Bloomberg Law’s® Bankruptcy Law News publishes case summaries of the most recent important bankruptcy law decisions, tracks major commercial bankruptcies, and reports on developments in bankruptcy...
By Daniel Gill
Dec. 5 — Infamous “shoe bomber” Richard Reid sent a letter to the court that convicted him, asking the court to declare him bankrupt in order to discharge $256,082 in debt arising from his attempt to blow up a passenger aircraft in 2001 ( USA v. Reid , D. Mass., No. 1:02-cr-10013, Motion to Declare Bankruptcy 11/15/16 ).
The U.S. District Court for the District of Massachusetts docketed the letter, entitled a “movement,” as a motion and set a time table for responses to be filed by the U.S. Attorneys’ office. An attorney for the National Consumer Law Center told Bloomberg BNA Dec. 2 that he expects that the bankruptcy motion will be denied as procedurally defective.
Richard Reid achieved international infamy when passengers and crew foiled his attempt to ignite explosives hidden in his boots while airborne on a flight from Paris to Miami on Dec. 22, 2001.
As set forth in the judgment entered against him, Reid pleaded guilty to eight criminal counts, including attempted murder, attempted use of a weapon of mass destruction, and attempted destruction of aircraft, for which he received a life sentence plus additional years, and he was fined $250,000 plus more than $6,000 for restitution.
In his “motion,” Reid said that he couldn’t pay his fines. “I hereby request that as I am not now, nor will I—I believe—ever be, able to pay this fine that a declaration of bankruptcy be entered in my favor and that this fine be vacated in keeping with that.”
John Rao, an attorney with the National Consumer Law Center, with a focus on consumer debt and bankruptcy matters, told Bloomberg BNA Dec. 2 that dismissal is the most obvious outcome.
Reid did not file a proper petition for bankruptcy in the bankruptcy court, requesting a chapter of relief (different chapters, such as Chapter 7, 11 or 13 are available to individuals seeking protection under the Bankruptcy Code).
Even if the District Court were to refer the matter to the U.S. Bankruptcy Court for the District of Massachussetts, dismissal would still be the likely eventuality, Rao told Bloomberg BNA. None of the information typically included in a bankruptcy petition—identifying the chapter of relief, listing creditors and assets, for example—was included, nor was there a declaration that Reid had undergone the credit counseling course required by the Code.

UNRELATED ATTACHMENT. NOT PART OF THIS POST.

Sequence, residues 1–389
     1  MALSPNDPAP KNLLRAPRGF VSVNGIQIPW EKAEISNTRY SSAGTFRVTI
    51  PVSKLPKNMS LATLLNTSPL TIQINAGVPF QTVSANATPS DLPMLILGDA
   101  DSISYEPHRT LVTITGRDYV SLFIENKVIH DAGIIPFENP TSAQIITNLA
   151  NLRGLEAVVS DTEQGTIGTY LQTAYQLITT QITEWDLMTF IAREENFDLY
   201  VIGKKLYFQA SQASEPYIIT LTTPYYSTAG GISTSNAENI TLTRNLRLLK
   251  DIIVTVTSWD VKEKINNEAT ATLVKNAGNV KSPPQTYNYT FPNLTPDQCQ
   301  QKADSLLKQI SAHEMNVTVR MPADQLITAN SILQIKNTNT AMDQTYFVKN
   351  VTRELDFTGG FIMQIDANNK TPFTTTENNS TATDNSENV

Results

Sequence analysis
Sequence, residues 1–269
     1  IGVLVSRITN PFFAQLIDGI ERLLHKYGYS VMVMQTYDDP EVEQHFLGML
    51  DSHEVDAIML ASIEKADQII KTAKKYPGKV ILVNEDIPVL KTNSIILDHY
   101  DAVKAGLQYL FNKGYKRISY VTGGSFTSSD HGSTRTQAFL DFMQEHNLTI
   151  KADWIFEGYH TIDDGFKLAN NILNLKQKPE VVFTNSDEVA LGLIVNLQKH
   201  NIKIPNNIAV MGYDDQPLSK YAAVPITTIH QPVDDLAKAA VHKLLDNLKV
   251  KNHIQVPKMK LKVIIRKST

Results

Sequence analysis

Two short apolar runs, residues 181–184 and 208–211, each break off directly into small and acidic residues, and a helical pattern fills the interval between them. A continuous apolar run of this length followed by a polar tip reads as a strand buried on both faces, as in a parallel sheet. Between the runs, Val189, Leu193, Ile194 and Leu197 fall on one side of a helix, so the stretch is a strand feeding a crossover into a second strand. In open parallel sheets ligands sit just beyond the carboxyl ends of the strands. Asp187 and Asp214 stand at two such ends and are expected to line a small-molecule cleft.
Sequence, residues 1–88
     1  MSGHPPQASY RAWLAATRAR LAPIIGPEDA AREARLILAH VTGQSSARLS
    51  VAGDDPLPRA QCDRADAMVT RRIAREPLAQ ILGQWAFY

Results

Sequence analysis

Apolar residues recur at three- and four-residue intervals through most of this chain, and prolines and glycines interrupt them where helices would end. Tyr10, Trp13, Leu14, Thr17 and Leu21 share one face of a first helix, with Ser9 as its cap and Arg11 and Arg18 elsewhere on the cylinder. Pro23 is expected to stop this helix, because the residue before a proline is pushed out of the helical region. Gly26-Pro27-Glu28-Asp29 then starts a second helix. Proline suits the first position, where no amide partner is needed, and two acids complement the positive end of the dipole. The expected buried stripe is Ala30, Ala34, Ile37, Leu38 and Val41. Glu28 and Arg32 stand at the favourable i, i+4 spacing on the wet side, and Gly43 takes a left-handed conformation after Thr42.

As recently as Nov. 22 a district court held that even incarcerated debtors are required to complete the credit counseling and financial management course prerequisite of being a debtor.
To contact the reporter on this story: Daniel Gill in Washington at firstname.lastname@example.org
To contact the editor responsible for this story: Jay Horowitz at JHorowitz@bna.com
Full text of the motion is at: http://www.bloomberglaw.com/public/document/USA_v_Reid_Docket_No_102cr10013_D_Mass_Jan_16_2002_Court_Docket
Copyright © 2016 The Bureau of National Affairs, Inc. All Rights Reserved.
All Bloomberg BNA treatises are available on standing order, which ensures you will always receive the most current edition of the book or supplement of the title you have ordered from Bloomberg BNA’s book division. As soon as a new supplement or edition is published (usually annually) for a title you’ve previously purchased and requested to be placed on standing order, we’ll ship it to you to review for 30 days without any obligation. During this period, you can either (a) honor the invoice and receive a 5% discount (in addition to any other discounts you may qualify for) off the then-current price of the update, plus shipping and handling or (b) return the book(s), in which case, your invoice will be cancelled upon receipt of the book(s). Call us for a prepaid UPS label for your return. It’s as simple and easy as that. Most importantly, standing orders mean you will never have to worry about the timeliness of the information you’re relying on. And, you may discontinue standing orders at any time by contacting us at 1.800.960.1220 or by sending an email to email@example.com.
Put me on standing order at a 5% discount off list price of all future updates, in addition to any other discounts I may quality for. (Returnable within 30 days.)
Notify me when updates are available (No standing order will be created).
This Bloomberg BNA report is available on standing order, which ensures you will all receive the latest edition. This report is updated annually and we will send you the latest edition once it has been published. By signing up for standing order you will never have to worry about the timeliness of the information you need. And, you may discontinue standing orders at any time by contacting us at 1.800.372.1033, option 5, or by sending us an email to firstname.lastname@example.org.
Put me on standing order
Notify me when new releases are available (no standing order will be created)